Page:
[Chorus] N-n-n-n-nineteen, nineteen N-nineteen, nineteen In Vietnam, the combat soldier Typically served a twelve month tour of duty But was exposed to hostile fire almost everyday [Chorus] N-n-n-n-nineteen N-n-n-n-nineteen N-n-n-n-nineteen N-n-n-n-nineteen In Saigon, a US miltary spokesman Said today, more than 720 troops Were killed last week in That sensitive border area In all of South Vietnam The enemy lost a total of 2,689 soldiers [Bridge] All those who remember the war They won't forget what they've seen Destruction of men in their prime Whose average age was nineteen

D-d-d-d-d-destruction D-d-d-d-d-destruction According to a Veteran's Administration study Half of the Vietnam combat veterans suffered From what psychiatrists call Post traumatic stress disorder Many vets complain of alienation, rage, or guilt Some succumb to suicidal thoughts Eight to ten years after coming home Almost eight-hundred-thousand men Are still fighting the Vietnam War None of them received A hero's welcome Saigon, Saigon S-s-s-s-s-Saigon S-s-s-s-s-Saigon Nineteen, s-s-s-s-Saigon N-n-n-n-n-ninteen N-n-n-n-n-ninteen N-n-n-n-n-ninteen N-n-n-n-n-ninteen Vietnam, S-s-saigon

19 - Paul Hardcastle (Official Video)

There are extended versions that last 7 to 10 minutes. However, I was unable to find any links to them.

Bottomline

I had already reviewed One by Metallica a while back and I had said that it was one of the best songs about veterans and war. I think that 19, is a very close second. The genre's are different but the message is just as strong.

Let me start with the music. I love the music for this track. It fits the tone very well. It has that New Wave, Electro Pop feel and it is a great backdrop to this musical version of a documentary. It has a very 80's sound that has aged pretty well.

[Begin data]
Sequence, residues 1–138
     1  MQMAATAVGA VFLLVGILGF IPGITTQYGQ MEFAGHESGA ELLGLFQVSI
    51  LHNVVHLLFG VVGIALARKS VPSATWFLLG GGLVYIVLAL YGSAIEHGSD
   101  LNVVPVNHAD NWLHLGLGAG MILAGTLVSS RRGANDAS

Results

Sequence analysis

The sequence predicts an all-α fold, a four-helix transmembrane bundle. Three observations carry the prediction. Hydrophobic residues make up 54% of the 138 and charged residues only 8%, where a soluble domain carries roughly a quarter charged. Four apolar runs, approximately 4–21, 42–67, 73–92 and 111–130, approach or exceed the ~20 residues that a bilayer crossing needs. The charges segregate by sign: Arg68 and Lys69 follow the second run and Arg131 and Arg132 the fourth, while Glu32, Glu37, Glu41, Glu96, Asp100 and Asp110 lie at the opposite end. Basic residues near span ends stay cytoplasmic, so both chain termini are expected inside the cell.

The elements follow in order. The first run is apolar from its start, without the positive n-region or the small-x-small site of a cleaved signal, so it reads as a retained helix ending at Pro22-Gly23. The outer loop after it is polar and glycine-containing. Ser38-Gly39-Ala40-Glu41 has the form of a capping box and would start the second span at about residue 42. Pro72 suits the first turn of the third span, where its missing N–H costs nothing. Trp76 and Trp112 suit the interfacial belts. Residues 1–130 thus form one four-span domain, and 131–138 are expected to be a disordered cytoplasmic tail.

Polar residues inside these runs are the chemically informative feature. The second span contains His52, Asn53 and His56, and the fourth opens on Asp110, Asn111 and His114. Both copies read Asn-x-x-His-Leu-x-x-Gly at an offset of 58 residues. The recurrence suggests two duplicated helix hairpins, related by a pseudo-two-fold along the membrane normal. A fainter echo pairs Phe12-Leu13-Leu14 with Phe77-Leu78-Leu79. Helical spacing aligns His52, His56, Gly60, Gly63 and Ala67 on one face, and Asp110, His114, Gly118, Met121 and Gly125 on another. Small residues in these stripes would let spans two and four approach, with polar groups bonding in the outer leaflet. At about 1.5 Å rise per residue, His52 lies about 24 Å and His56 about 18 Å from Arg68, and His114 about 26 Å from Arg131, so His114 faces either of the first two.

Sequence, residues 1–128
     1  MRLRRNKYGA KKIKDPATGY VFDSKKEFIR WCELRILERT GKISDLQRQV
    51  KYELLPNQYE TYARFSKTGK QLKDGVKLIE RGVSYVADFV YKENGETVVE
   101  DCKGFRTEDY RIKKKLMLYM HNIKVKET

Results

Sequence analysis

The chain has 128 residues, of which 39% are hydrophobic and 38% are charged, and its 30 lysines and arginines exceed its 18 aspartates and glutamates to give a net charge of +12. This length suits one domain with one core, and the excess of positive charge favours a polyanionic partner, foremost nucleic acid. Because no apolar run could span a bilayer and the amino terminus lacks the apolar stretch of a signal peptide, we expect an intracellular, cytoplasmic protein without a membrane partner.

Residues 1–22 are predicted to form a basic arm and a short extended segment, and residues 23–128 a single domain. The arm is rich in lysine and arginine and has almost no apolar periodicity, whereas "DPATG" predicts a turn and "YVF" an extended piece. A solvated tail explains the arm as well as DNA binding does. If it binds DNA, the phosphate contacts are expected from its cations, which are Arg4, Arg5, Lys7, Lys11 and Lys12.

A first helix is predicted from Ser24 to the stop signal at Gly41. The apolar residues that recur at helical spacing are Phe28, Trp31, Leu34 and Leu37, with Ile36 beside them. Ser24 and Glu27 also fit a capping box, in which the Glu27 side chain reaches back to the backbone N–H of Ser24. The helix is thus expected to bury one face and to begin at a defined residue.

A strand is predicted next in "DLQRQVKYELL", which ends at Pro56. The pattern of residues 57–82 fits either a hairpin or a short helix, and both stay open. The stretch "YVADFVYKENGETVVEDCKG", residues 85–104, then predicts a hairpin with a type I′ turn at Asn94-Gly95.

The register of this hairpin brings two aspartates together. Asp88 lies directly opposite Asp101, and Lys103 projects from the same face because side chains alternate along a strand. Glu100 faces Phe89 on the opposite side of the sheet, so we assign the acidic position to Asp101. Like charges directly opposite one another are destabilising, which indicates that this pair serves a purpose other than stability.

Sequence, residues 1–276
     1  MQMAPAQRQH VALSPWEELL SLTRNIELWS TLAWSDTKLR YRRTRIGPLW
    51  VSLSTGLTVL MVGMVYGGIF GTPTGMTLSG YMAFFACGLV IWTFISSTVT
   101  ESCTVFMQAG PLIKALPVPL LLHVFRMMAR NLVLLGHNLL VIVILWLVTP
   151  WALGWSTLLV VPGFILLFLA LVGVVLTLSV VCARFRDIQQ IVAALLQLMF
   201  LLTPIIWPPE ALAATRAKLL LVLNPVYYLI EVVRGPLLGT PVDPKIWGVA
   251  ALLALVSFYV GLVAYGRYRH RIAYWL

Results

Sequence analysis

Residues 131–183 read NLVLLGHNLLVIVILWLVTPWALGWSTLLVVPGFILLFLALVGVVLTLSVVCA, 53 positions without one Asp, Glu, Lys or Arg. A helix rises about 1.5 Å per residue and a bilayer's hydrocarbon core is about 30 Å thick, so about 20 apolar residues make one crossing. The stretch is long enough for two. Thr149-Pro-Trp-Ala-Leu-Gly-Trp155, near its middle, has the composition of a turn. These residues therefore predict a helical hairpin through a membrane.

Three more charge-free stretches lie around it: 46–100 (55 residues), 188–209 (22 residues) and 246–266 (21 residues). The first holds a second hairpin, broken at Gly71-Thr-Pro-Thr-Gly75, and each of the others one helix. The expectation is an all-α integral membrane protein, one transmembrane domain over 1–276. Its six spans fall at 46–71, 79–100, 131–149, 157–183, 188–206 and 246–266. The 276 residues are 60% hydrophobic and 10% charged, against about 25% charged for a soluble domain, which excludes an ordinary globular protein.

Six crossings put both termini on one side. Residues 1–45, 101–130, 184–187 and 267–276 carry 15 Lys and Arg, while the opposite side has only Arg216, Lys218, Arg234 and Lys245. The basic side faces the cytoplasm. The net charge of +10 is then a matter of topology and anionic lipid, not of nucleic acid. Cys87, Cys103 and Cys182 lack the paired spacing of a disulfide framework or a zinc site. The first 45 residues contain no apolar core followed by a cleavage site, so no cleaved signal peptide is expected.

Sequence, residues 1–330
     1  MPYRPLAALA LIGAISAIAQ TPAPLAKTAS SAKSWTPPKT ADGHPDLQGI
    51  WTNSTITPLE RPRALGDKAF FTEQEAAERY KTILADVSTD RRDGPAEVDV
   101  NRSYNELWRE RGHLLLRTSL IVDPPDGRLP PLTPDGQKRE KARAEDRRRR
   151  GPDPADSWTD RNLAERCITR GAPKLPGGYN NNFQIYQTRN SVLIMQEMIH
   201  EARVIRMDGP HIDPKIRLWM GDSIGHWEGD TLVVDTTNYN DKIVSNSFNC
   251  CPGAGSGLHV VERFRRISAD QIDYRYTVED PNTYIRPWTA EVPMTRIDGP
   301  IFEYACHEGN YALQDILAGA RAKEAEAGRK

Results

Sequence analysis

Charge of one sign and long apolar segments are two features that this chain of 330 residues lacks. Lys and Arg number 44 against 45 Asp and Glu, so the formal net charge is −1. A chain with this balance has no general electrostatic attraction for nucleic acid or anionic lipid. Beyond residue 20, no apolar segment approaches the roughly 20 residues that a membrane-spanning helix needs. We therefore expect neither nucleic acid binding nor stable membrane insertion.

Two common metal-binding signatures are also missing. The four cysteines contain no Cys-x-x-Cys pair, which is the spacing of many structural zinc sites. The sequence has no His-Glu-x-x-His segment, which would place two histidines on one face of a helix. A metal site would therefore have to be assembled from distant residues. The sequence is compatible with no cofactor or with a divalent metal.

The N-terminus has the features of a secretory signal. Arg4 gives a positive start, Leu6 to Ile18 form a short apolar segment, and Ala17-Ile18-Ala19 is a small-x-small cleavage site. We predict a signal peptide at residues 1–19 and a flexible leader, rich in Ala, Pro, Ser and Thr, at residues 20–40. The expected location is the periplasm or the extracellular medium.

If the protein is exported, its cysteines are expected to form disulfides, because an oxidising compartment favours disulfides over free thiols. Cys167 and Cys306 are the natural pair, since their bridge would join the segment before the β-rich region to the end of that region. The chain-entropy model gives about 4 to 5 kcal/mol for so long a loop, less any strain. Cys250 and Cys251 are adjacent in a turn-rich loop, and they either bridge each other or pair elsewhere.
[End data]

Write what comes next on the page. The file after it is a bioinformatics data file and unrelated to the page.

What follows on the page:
There have been debates on some forums about the facts outlined in the track. Although the track states that the average age of the combat soldier in the Vietnam War was 19, since then, people have disputed this fact, saying that the age stated in the song is inaccurate. Depending on the sources this varies from 22 to 25 years old. This is still below the average age of the combat soldier of 26 years old in World War II.

People have also criticized the fact that some quotes were taken out of context. This may be true, but the goal of the song was to demonstrate the impact of the war on young soldiers. The quotes are real, however, it is difficult to verify the validity of the quotes out of context, as the documentary is not available fully online.

In terms of lyrics, here is a quote that for me, hammers the message home.

According to a Veteran's Administration study Half of the Vietnam combat veterans suffered From what psychiatrists call Post traumatic stress disorder Many vets complain of alienation, rage, or guilt Some succumb to suicidal thoughts Eight to ten years after coming home Almost eight-hundred-thousand men Are still fighting the Vietnam War

The above is a really intense narration on the track. In a few lines it explains the side effects of a soldier suffering from PTSD. The last 3 lines are also very chilling. It states that 8 to 10 years after the war, people are still in the war in their mind. If that does not send chills down your spine, you have no heart. This is also not just true about this war but all wars that are fought. This is the part that people do not consider. Some soldiers are never the same ever again and there are no magic cure to make them normal again. The world must seem very different after an experience like that.

I think that this is the side of war that we never think about. Yes there are casualties on the field, but there are casualties for those after the war as well. This is true on every side. The underlying message here is to ask the question, is it worth it? It never explicitly asks the question, but with all the information presented here, you cannot but ask that question.

What do you think? Did I hit the mark or did I miss it completely? Let us know below.